MILL VALLEY, Calif (BP)–The world doesn’t need more religion and attending a missions conference doesn’t make someone a missionary.
Nearly 200 collegians from across the West heard these and other pointers during the 47th annual missions conference at Golden Gate Baptist Theological Seminary’s Northern California campus in Mill Valley.
Bruce*, an International Mission Board strategist in Southeast Asia who received both his master of divinity and doctor of ministry degrees from Golden Gate, told the students that the world does not need more mosques or temples or more church buildings. “They don’t need another god who does nothing for them; they need a God of power.”
Bruce recounted how he learned this lesson through seeking God’s power for ministry. His Buddhist neighbors began to visit because they felt a peace in his house -– but he couldn’t feel it himself.
“I began to realize I didn’t have anything to teach my Buddhist neighbors,” Bruce said. “I was discipled by curriculum. I grew up in a Christian home nurtured by a Christian culture…. And I increasingly felt like I had nothing to offer.”
In Acts 1:8, Bruce noticed that Jesus told the disciples they would receive “not the latest church planting methodologies, but power.”
Once he sought God and implored Him for His power, Bruce said his ministry began to bear fruit -– in two years, people in 52 villages in his country had made a profession of faith.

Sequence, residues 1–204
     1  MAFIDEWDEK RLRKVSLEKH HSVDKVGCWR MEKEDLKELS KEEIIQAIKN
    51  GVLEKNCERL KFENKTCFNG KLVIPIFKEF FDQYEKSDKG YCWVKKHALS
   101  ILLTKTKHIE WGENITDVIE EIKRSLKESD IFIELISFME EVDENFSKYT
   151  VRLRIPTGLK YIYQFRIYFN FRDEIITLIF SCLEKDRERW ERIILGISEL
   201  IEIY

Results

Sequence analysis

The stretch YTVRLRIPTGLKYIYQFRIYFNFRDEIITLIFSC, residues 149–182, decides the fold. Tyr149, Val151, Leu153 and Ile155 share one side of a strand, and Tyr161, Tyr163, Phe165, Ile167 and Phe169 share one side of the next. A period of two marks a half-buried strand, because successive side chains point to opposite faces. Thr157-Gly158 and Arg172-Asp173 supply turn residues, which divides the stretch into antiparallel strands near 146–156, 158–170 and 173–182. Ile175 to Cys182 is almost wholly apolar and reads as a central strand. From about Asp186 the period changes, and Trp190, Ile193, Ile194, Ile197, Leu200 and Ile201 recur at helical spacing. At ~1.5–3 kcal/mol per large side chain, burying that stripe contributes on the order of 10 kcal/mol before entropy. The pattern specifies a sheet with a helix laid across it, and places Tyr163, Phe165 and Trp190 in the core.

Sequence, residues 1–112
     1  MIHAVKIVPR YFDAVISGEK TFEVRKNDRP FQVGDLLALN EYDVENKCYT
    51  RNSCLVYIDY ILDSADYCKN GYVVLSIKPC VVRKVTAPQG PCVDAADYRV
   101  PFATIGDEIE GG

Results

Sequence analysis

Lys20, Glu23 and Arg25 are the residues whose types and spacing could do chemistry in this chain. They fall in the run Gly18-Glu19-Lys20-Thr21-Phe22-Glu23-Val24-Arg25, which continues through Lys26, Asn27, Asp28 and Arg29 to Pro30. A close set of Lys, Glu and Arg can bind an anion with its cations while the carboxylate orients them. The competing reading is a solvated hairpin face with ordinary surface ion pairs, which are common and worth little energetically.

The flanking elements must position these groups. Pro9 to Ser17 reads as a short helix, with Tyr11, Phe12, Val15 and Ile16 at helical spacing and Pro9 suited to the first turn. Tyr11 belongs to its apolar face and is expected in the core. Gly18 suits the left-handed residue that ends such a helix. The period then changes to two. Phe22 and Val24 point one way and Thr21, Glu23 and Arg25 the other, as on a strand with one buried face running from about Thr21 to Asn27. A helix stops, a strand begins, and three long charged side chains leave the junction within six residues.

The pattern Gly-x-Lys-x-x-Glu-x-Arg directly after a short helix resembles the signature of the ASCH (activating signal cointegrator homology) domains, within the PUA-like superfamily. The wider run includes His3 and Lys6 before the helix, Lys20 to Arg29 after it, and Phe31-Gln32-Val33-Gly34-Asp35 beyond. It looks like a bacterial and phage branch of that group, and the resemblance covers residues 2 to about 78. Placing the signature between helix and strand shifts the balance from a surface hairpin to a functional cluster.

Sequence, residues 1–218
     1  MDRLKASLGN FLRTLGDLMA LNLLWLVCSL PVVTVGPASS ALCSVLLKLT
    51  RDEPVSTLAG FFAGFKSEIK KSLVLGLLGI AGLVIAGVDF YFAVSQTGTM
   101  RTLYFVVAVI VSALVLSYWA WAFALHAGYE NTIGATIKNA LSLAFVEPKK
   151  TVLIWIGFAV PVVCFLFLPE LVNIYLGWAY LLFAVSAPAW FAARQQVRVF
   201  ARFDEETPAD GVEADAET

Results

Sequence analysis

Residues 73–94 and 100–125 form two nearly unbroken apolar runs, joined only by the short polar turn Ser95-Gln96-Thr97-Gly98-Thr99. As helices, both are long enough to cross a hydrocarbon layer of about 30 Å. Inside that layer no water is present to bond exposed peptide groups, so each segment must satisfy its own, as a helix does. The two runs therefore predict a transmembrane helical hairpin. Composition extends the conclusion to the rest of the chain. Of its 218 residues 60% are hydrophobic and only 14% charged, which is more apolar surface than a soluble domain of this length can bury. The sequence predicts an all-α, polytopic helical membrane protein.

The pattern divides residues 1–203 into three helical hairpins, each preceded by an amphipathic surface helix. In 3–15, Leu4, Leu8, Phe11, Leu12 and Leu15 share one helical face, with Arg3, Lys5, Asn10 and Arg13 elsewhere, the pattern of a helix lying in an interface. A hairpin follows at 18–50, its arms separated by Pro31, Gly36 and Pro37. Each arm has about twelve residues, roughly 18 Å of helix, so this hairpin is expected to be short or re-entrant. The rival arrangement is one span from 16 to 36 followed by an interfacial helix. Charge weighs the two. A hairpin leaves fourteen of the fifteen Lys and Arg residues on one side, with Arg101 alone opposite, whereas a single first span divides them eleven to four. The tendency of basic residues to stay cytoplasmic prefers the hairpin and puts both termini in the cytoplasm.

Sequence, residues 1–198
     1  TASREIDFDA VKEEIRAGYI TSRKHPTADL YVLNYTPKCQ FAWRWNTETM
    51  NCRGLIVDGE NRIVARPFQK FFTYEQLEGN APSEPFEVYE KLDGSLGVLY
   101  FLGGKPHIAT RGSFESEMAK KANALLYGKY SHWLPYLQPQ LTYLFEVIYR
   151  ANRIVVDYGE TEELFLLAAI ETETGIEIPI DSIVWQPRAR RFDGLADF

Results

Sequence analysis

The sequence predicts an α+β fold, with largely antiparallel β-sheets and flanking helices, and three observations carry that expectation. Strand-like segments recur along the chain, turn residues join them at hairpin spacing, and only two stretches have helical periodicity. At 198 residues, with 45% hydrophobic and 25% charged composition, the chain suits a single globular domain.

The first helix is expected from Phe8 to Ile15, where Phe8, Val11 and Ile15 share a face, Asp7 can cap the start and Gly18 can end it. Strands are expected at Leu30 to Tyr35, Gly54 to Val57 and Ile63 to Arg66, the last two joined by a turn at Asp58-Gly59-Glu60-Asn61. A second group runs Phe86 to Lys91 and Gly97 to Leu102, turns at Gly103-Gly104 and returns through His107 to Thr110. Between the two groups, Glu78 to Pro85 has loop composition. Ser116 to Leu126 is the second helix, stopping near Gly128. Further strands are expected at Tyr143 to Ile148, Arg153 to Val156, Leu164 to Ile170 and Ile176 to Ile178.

“God doesn’t need you or me to reach the world,” Bruce told the students. “Nor does He need the governments of the world. So why does He invite us? Because He knows we need to know the joy of being in His work, of sharing Him.”
Allan Karr, a Golden Gate professor and the director of the seminary’s Nehemiah Project church planting program, echoed the idea of power in his Sunday morning message at the conference.
“I have served the Lord all my adult life, and I could mark in decades [between] the times I really saw God show up in a way that couldn’t be anyone else,” he said. “We live most of the time as if we have no power.”
Two years ago, however, Karr and his mentor began to pray together daily, asking God to empower them with the Holy Spirit.
“God started showing up so often I had to keep track on my computer,” Karr said. “It’s nearly every day now.
Karr encouraged the students to be like the neighbor in the parable in Luke 11 and ask God regularly for “bread.”
“You don’t become a missionary because you go to a missions conference, get training, go overseas,” Karr said. “You become a missionary when you ask God for bread and He gives you bread to share.”
The Feb. 15-17 missions conference, with the theme of “Christ Voices: Gospel Expressions in Today’s Language,” included sessions on such topics as Christ and pop culture, spiritual formation and the arts and developing indigenous worship. An interactive prayer room included music, tools for creating art and specific spaces set aside for confession, petition and a focus on evangelism. The collegians also were invited to take a Saturday afternoon walk through San Francisco’s Golden Gate Park to look for opportunities to share their faith.
Jared Jenkins, student minister at the University of Utah and also a Golden Gate student, was attending his fourth annual missions conference. “Bruce did three of the best sermons I’ve ever heard, and the students really like the evangelism in Golden Gate Park. Every year it does something for me and my students –- keeps us focused, exposes them to ideas about missions.”
*Name changed for security purposes. Amanda Phifer is a writer for Golden Gate Baptist Theological Seminary.